Blog Tags: Sea Turtles
Great news for the oceans: The U.S. Court of Appeals for the District of Columbia has ruled in favor of Oceana in a suit that will require commercial fisheries from North Carolina to the Canadian border to monitor and report the amount of bycatch, or untargeted marine life, they discard.
This victory may seem like a small step, but it is a triumph against one of the biggest problems facing our oceans today. Bycatch is a major player in the destruction of marine ecosystems, and occurs when fishing gear indiscriminately traps marine life in nets, trawls, and fishing lines.
Tons of fish are wasted and thousands of marine mammals, sea turtles, sharks and sea birds are injured or killed every year as bycatch. While the new law does not place limits on bycatch, it represents a crucial and long-awaited step in increasing the transparency in commercial fishing.
“For more than 15 years NMFS has violated the law, managing America’s fisheries without reliable information about how much fish and other marine wildlife is being shoveled over the side of boats, often dead or dying,” said Gilbert Brogan, northeast representative for Oceana. “This ruling is a significant step towards improving the management of U.S. fisheries in the Atlantic.”
Congratulations to everyone who helped win this victory for more abundant oceans!
I want to update you on a needless tragedy that continues to unfold in the Gulf of Mexico and Atlantic Ocean.
As I told you in May, Oceana uncovered government data showing that the shrimp fishery has been violating sea turtle protection rules, which likely has caused thousands of endangered sea turtles in the Gulf of Mexico and the Atlantic to be needlessly killed by shrimp trawls.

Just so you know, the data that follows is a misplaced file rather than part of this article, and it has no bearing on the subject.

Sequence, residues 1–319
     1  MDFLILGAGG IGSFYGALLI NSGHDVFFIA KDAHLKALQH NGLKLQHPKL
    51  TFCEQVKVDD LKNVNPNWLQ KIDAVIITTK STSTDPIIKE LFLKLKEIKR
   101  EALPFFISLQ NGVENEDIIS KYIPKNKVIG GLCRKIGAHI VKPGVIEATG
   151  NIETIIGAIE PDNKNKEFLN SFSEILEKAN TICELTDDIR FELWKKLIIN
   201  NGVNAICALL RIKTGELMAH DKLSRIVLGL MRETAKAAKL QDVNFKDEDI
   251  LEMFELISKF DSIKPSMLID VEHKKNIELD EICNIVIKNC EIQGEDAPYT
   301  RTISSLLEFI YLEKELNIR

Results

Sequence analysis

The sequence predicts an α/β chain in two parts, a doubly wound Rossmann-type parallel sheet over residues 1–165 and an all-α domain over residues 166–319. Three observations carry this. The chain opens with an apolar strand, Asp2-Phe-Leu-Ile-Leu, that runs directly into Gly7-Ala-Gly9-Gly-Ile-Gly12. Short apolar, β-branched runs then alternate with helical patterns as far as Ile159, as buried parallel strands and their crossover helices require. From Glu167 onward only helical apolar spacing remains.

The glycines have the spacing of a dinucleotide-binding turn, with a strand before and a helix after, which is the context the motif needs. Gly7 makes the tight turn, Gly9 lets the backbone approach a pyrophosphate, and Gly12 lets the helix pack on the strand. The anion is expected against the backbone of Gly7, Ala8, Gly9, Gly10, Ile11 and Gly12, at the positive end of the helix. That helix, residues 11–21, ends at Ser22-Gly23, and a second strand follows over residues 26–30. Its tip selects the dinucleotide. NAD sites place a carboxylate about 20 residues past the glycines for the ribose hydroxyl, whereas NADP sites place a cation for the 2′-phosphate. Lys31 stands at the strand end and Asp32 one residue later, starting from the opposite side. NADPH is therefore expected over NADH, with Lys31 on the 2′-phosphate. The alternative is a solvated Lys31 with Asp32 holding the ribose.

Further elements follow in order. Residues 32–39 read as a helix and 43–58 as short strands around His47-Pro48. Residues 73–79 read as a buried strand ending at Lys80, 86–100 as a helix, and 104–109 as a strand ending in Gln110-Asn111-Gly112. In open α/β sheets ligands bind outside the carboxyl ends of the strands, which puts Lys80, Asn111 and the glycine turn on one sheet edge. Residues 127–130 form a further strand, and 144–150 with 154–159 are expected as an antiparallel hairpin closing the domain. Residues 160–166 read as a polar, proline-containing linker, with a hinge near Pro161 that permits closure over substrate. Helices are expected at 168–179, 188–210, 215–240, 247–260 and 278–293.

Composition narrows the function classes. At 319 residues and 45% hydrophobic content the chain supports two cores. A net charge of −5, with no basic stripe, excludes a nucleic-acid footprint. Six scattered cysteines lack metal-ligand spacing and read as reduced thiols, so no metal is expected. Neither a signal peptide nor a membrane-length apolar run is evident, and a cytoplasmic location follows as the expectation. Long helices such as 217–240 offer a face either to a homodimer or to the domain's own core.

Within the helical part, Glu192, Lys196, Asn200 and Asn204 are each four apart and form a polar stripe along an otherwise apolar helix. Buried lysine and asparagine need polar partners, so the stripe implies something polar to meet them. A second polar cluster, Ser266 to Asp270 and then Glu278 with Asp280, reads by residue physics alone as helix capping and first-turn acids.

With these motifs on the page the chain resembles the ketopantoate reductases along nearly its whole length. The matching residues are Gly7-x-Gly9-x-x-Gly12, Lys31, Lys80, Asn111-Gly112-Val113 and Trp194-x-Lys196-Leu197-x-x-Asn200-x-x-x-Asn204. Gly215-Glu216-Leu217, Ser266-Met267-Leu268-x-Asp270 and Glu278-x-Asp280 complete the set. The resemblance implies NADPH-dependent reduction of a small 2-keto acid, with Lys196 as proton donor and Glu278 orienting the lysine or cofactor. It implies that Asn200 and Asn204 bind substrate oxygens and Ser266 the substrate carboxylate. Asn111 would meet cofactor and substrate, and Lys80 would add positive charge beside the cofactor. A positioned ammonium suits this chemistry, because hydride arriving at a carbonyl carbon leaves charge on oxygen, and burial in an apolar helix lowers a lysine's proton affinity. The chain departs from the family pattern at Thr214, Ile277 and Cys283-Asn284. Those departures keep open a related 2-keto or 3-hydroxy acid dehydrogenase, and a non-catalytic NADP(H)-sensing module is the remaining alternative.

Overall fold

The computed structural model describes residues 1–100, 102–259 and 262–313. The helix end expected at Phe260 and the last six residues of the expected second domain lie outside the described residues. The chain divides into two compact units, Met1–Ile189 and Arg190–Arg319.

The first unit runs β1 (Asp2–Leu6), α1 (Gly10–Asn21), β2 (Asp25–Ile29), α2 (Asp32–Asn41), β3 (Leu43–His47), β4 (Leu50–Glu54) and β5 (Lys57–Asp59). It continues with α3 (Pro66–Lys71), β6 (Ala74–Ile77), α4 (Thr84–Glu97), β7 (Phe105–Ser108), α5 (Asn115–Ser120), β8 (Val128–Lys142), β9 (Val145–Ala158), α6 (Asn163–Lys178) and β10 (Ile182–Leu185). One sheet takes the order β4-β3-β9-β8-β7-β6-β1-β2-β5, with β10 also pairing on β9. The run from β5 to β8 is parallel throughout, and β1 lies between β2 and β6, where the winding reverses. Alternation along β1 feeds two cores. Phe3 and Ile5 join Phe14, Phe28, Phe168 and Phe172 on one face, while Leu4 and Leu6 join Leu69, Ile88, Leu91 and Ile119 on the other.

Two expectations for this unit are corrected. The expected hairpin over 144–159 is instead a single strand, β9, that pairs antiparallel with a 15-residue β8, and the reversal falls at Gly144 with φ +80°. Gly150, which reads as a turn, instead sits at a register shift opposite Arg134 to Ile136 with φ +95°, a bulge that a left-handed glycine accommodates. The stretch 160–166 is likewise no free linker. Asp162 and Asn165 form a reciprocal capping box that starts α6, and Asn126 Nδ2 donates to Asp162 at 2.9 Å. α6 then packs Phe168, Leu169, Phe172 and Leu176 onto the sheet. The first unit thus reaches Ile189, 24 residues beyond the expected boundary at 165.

It’s been more than a month since our discovery, but the government is still standing by and watching as the sea turtles deaths continue.
Our campaigners uncovered official government documents showing that shrimp trawlers required to use Turtle Excluder Devices (TEDs) are often using them improperly or not at all. TEDs are escape hatches for sea turtles, who need to reach the surface to breathe. The documents even show that some shrimpers have deliberately sewn TEDs shut—condemning any sea turtle they catch to death.
Shockingly, there are some types of shrimp trawls, like “skimmer trawls” that are not even required to use TEDs at all. Instead, these trawls are supposedly required to limit the length of time they tow their nets to prevent sea turtles from drowning. However, the government documents show that these time limits are not enforceable and demonstrate that TEDs should be required for these shrimp trawls as well.
In part as a result of pressure from Oceana, the government has announced that it will be conducting a formal analysis of the shrimp fishery’s impact on threatened and endangered sea turtles and will be considering options for additional protections.
This is a pathetically slow response. It is appalling that the fishery is allowed to continue operating despite evidence that shrimpers in the region are likely responsible for the death of record numbers of sea turtles. Oceana has called for the immediate closure of the Gulf of Mexico shrimp fishery until and unless adequate sea turtle protections are established and enforced.
Sea turtles have been swimming in the oceans for millions of years, and now they are being unnecessarily pushed toward extinction. It's time to give sea turtles a breather. The government should act immediately to protect threatened and endangered sea turtles.
Yesterday was an exciting day for 5 rehabilitated Kemp’s ridley sea turtles. Last November, the endangered sea turtles were found stranded on the beaches of Massachusetts after having fallen victim to cold stunning, which is essentially sea turtle hypothermia.